Aug. 22 (Bloomberg) -- Former Duane Reade Inc. Chief Executive Officer Anthony Cuti was sentenced to three years in prison for falsely inflating income and misleading investors.
Cuti, 65, of Saddle River, New Jersey, was convicted in June 2010 of conspiracy and securities fraud after a federal jury trial in Manhattan. U.S. District Judge Deborah Batts also ordered Cuti today to pay a $5 million fine.
Batts called Cuti “a gifted, arrogant, driven, entitled individual” who “bullied people into committing fraudulent acts to make the company look better than it actually was” to increase his pay.
Batts said Cuti was also guilty of “the height of hubris” for re-writing his employee compensation plan that would allow him to double his compensation even if he was fired for cause, which later occurred, she said.
Cuti didn’t admit any wrongdoing when he spoke in court before the sentence was imposed. “I’ve always led my life with integrity,” Cuti said as his wife, adult daughter and brother sat in the courtroom. “It’s confusing, if not incomprehensible.”
“Some apologies have to go out,” he added.
‘A Good Run’
“I always thought I acted for the shareholders first and foremost,” he said. “I’d like to say I’ve had a good career. It was a good run. The conviction is so at odds with what I’ve tried to be.”
Cuti’s lawyer, Reid Weingarten, today asked Batts to impose no jail time and allow his client to remain free to perform public service. “It will be devastating if he’s sent away,” he said.
“He was not a guy motivated by greed and driven to line his pockets,” said Weingarten. Investors weren’t harmed, he argued, saying they’d profited from Cuti’s transformation of Duane Reade from “a sleepy nearly-bankrupt drug store on a Manhattan street corner to being a force to be reckoned with.”
Former Duane Reade Chief Financial Officer William Tennant, who was tried with Cuti and convicted of one count of securities fraud, is scheduled to be sentenced Aug. 29. The U.S. said both men engaged in a scheme to falsely increase revenue and lower expenses from 2000 to 2005.
U.S. Probation Department officials calculated that Cuti had faced a term from 17 1/2 years to as long as 21 years and eight months in prison. The agency recommended an unspecified lesser prison term be imposed, court records show.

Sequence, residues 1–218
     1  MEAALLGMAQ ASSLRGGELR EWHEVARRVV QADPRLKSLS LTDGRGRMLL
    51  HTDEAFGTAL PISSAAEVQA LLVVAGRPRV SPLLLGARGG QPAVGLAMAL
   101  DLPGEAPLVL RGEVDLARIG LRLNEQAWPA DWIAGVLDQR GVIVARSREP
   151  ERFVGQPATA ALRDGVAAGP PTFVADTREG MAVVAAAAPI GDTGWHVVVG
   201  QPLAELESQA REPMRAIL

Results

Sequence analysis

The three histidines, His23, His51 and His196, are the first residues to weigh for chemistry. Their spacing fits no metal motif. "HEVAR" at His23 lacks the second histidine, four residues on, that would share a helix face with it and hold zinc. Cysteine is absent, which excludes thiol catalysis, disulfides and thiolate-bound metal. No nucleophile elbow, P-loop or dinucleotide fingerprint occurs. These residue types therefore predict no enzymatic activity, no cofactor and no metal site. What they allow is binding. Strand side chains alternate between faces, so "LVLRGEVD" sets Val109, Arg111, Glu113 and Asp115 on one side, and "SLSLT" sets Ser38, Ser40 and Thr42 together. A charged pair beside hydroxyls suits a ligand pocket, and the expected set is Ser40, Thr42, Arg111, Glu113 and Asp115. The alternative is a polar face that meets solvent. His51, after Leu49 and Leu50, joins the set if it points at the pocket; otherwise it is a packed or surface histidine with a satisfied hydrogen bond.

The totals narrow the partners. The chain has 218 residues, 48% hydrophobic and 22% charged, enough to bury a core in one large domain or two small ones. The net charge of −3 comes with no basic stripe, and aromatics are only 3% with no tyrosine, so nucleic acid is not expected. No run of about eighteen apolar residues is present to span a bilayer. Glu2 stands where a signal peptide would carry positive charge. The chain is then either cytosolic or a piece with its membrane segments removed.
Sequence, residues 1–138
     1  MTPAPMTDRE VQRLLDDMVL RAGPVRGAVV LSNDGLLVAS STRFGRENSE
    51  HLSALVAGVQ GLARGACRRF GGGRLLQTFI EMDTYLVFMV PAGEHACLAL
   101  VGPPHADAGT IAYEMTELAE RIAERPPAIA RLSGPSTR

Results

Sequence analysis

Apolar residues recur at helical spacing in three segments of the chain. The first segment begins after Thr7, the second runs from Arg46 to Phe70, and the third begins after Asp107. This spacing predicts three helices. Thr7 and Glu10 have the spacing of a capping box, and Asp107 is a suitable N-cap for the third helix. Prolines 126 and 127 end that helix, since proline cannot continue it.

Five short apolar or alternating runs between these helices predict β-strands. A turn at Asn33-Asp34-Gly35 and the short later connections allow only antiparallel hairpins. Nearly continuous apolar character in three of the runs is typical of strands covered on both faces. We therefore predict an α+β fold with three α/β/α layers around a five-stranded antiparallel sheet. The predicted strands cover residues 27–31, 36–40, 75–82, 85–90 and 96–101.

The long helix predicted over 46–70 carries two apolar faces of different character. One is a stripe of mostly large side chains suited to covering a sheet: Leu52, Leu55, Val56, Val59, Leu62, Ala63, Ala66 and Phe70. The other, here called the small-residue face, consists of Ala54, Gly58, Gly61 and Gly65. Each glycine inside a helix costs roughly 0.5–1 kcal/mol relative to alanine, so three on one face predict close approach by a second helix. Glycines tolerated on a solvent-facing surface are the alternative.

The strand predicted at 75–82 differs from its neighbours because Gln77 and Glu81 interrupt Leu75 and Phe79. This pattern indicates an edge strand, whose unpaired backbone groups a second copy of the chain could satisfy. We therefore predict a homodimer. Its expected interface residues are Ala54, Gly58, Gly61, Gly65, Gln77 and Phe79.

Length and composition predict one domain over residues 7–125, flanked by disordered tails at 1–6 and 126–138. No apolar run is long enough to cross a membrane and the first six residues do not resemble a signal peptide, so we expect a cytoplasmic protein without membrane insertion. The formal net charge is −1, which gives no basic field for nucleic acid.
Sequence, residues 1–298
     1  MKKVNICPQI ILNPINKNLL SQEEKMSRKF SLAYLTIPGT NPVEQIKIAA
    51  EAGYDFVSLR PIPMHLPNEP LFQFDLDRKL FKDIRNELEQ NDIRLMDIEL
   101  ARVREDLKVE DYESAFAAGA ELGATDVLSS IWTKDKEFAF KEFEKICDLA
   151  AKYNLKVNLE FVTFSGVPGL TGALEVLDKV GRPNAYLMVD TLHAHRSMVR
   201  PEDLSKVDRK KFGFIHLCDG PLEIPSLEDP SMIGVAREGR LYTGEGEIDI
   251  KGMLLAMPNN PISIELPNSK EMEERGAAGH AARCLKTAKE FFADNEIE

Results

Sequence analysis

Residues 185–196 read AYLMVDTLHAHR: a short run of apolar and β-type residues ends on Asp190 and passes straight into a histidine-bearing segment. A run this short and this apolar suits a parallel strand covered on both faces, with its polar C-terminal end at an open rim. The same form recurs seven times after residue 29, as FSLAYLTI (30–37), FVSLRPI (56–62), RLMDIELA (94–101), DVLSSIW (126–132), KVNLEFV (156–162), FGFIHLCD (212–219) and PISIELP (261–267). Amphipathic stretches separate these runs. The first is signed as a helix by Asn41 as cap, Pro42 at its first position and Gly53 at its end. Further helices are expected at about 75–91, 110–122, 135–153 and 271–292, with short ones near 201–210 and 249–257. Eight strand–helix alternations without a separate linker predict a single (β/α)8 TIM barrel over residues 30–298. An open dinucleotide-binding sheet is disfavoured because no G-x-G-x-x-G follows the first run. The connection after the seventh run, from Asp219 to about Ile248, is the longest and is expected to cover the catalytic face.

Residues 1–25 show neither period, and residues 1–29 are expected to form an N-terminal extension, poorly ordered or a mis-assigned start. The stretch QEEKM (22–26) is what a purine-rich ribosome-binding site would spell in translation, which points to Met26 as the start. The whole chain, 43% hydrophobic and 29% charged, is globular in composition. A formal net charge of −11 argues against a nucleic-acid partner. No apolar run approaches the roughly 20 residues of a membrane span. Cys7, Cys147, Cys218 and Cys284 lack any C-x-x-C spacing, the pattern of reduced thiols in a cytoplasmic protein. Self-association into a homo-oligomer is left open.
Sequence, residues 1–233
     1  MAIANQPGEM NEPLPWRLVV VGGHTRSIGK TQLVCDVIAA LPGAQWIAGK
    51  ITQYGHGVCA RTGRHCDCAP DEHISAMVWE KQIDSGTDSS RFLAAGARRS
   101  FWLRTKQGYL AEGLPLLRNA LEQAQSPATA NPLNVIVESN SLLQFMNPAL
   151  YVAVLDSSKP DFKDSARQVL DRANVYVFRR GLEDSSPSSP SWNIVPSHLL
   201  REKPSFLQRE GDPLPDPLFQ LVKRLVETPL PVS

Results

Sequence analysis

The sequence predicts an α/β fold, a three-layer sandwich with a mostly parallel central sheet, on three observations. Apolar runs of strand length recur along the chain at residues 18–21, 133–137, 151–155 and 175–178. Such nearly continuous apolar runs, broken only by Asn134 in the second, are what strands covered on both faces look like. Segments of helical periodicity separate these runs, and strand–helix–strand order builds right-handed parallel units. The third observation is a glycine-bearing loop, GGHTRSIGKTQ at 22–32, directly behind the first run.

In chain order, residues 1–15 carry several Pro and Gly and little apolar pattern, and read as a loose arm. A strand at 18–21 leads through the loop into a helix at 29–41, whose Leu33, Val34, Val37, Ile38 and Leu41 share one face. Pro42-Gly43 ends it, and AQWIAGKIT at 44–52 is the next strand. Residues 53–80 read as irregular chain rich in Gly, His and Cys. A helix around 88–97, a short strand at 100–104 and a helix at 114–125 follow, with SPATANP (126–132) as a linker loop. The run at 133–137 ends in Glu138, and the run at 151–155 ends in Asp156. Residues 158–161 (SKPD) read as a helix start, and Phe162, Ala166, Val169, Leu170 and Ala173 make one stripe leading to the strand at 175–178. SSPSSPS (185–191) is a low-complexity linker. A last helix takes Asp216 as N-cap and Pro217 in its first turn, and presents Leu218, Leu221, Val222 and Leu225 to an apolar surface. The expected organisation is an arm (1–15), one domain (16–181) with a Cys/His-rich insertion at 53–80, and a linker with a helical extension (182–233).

“The offenses here were very serious, they went on for four and a half years and involved continuous, almost daily conduct by the defendant to inflate earnings of the company,” Assistant U.S. Attorney Jonathan Streeter said today. “It was ongoing, it was continuous, it was deliberate and it was calculated.”
Batts directed Cuti to surrender to U.S. Bureau of Prisons officials on Jan. 31. She denied a bid by Weingarten to allow him to remain free on bond pending his appeal.
Duane Reade, founded in 1960, was named after the two Lower Manhattan streets where it was located. Bain Capital LLC bought the chain from brothers Abraham, Eli and Jack Cohen in 1992 and sold shares to the public in 1998. Oak Hill Capital Partners LP bought all the publicly traded shares in July 2004.
Walgreen Co., the biggest U.S. drugstore chain, agreed to buy Duane Reade Holdings from affiliates of Oak Hill for $618 million in February 2010.
Cuti received more than $50 million from Duane Reade and Oak Hill from 2000 through 2005, including $25 million from the 2004 acquisition by Oak Hill, prosecutors said. Cuti left the company in 2005.
The case is U.S. v. Cuti, 08-cr-00972, U.S. District Court, Southern District of New York (Manhattan).
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